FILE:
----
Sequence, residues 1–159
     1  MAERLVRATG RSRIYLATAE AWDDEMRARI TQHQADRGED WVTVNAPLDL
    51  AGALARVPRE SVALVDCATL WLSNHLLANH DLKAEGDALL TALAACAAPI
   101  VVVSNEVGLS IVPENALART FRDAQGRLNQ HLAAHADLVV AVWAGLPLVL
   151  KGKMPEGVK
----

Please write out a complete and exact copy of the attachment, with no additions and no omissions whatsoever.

Sequence, residues 1–159
     1  MAERLVRATG RSRIYLATAE AWDDEMRARI TQHQADRGED WVTVNAPLDL
    51  AGALARVPRE SVALVDCATL WLSNHLLANH DLKAEGDALL TALAACAAPI
   101  VVVSNEVGLS IVPENALART FRDAQGRLNQ HLAAHADLVV AVWAGLPLVL
   151  KGKMPEGVK